Robin McConnell, MS, RD, CSO, clinical nutrition coordinator at the John Theurer Cancer Center.
The JTCC Experience
One institution that has integrated oncology nutritionists into its treatment program is the John Theurer Cancer Center (JTCC) at Hackensack University Medical Center in New Jersey.
Robin McConnell, MS, RD, CSO, is the clinical nutrition coordinator at the JTCC and 1 of 5 oncology nutritionists at the center who work with outpatients in all stages of treatment and recovery. As registered dietitian specialists certified in oncology nutrition, she and other staff members at the JTCC deal with challenges including depression, altered taste, anorexia, surgery, and the inability to process food. Their patients “have tremendous issues with eating,” she said, and the problem extends across the spectrum of cancers and cancer treatments.
While limited research data are available on the use of nutrition to help cancer patients, success is a powerful persuader. In recent years, “I have seen an increase in the number of patients referred” for counseling, McConnell said. “When you see results and action, you are more likely to refer patients.”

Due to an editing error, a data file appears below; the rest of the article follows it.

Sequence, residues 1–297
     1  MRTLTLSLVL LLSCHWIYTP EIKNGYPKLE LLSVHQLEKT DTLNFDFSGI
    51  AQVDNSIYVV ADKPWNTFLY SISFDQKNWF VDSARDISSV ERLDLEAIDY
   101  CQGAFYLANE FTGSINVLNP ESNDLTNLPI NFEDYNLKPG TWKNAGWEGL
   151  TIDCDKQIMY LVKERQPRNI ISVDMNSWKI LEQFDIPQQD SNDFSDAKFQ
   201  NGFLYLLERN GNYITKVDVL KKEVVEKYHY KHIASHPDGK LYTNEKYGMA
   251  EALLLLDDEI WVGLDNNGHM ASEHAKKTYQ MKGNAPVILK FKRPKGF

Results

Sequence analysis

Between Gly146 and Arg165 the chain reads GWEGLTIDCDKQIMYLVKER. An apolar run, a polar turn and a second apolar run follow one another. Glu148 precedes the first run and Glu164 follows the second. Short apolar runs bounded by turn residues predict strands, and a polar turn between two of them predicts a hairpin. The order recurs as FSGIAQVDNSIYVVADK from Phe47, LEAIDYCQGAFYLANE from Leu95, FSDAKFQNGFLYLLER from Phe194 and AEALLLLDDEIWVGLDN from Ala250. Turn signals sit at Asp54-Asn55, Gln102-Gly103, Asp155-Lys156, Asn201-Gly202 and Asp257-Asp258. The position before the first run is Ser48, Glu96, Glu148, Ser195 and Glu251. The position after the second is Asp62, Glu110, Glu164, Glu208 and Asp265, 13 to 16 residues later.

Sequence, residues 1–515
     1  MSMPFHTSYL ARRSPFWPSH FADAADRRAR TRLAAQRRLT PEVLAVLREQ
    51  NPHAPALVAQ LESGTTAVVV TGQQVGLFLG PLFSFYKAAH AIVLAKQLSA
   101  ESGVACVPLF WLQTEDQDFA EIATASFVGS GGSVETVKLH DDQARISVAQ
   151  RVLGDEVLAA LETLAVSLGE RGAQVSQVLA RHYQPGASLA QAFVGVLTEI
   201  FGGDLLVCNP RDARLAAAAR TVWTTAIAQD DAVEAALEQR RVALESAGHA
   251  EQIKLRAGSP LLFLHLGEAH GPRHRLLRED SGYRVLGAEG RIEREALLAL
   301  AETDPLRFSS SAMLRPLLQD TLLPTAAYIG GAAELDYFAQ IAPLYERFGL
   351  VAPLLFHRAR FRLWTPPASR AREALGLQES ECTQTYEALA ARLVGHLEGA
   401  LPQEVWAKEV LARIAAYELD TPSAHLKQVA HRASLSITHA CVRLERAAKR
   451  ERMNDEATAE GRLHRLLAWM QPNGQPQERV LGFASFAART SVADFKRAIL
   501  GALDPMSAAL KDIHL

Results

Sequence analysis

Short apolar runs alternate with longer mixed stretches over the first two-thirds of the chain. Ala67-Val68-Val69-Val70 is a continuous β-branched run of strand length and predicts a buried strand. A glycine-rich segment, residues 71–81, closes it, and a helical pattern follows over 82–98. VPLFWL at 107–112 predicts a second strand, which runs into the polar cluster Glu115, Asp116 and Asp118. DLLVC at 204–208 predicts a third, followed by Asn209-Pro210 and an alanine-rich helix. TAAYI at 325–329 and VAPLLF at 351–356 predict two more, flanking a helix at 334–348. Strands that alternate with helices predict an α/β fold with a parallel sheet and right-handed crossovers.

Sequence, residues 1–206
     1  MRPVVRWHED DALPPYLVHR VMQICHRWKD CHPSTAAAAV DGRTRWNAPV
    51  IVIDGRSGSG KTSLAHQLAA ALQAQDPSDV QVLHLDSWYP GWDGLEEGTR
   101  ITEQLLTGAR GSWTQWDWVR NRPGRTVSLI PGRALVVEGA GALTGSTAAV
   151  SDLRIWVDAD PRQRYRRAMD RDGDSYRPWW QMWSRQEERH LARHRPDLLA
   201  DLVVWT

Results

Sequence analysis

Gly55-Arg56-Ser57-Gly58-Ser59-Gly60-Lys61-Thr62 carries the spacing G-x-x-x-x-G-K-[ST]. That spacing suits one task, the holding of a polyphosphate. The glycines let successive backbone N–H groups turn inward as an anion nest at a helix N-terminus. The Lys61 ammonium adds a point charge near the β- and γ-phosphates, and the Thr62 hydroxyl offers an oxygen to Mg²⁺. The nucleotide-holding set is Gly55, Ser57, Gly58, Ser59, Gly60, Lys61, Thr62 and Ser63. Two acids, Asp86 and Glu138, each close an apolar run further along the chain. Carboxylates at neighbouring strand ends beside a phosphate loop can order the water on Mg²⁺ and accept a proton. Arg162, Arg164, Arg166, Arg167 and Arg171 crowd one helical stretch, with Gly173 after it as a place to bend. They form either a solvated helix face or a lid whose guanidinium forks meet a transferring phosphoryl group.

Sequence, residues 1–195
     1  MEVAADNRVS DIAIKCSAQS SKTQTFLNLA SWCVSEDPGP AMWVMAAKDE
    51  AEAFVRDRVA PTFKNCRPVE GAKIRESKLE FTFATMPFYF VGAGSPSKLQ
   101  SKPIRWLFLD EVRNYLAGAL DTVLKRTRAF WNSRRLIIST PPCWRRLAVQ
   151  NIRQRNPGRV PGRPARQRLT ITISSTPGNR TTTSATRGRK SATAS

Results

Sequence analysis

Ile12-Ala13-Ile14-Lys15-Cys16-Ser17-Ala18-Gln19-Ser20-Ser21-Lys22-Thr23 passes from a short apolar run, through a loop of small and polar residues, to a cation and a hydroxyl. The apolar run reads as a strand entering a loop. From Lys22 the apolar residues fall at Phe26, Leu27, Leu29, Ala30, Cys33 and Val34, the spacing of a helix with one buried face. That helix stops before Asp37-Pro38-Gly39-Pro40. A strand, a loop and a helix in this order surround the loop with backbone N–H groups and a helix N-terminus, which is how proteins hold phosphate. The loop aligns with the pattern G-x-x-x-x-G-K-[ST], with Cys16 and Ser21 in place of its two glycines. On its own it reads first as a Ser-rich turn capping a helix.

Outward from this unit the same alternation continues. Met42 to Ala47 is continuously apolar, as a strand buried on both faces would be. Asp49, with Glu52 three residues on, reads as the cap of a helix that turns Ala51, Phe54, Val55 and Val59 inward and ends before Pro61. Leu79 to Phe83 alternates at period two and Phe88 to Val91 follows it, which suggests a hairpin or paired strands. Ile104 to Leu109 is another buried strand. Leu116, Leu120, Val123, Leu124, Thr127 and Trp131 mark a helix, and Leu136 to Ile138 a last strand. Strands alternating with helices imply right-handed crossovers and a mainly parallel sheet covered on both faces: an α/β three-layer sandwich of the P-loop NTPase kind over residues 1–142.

The earlier a patient gets counseling, the better, McConnell said. “The nutritionists are the point people” in the attack on cancer, she added, offering counseling before and during treatment in their role as part of the medical team that coordinates patients’ care. That team includes oncology nurses, who often make referrals. The decision to offer nutrition counseling to cancer patients without an extra charge puts the JTCC ahead of the curve; in the past, only hospitalized patients received nutrition counseling. For many, that was too late.
VIVIAN ROE was 36 years old and pregnant with her third child in 2006 when she underwent a right-breast mastectomy and began chemotherapy after her first trimester. The treatments made her ill and the medications to treat those side effects made her frightened for her unborn child.
So she made the radical choice to educate herself on how she could treat the side effects and help maintain her own health with food while discontinuing medications to alleviate side effects.
Her illness predated the creation of an oncology certification for registered dietitians, so she did her own research and created a plan for herself.
She gave birth to a healthy daughter and today is a 5-year breast cancer survivor.